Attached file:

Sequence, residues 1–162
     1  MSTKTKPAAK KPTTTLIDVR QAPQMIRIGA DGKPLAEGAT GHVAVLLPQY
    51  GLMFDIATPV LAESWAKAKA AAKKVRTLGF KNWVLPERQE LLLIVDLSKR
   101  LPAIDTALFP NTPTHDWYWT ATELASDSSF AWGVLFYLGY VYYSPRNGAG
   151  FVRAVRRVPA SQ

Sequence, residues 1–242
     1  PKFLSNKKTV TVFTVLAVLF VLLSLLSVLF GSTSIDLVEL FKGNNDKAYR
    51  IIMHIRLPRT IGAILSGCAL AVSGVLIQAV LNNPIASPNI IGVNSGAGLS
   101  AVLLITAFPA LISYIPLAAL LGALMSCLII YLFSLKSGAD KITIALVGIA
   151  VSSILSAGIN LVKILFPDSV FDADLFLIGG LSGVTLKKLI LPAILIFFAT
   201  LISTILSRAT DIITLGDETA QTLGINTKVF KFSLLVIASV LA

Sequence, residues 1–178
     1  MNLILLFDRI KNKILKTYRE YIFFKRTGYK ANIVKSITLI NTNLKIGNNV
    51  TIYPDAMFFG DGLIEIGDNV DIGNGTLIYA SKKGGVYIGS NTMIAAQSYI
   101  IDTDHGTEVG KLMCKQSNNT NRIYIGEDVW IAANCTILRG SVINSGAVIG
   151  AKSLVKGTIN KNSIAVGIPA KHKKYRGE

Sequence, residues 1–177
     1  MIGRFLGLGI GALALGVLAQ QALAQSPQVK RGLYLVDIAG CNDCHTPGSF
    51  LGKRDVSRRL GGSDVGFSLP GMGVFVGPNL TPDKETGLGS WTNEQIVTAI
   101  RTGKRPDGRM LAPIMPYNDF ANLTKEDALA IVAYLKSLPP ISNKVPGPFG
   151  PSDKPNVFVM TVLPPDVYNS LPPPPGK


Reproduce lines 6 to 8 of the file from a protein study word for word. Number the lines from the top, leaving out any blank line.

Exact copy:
Sequence, residues 1–242
     1  PKFLSNKKTV TVFTVLAVLF VLLSLLSVLF GSTSIDLVEL FKGNNDKAYR
    51  IIMHIRLPRT IGAILSGCAL AVSGVLIQAV LNNPIASPNI IGVNSGAGLS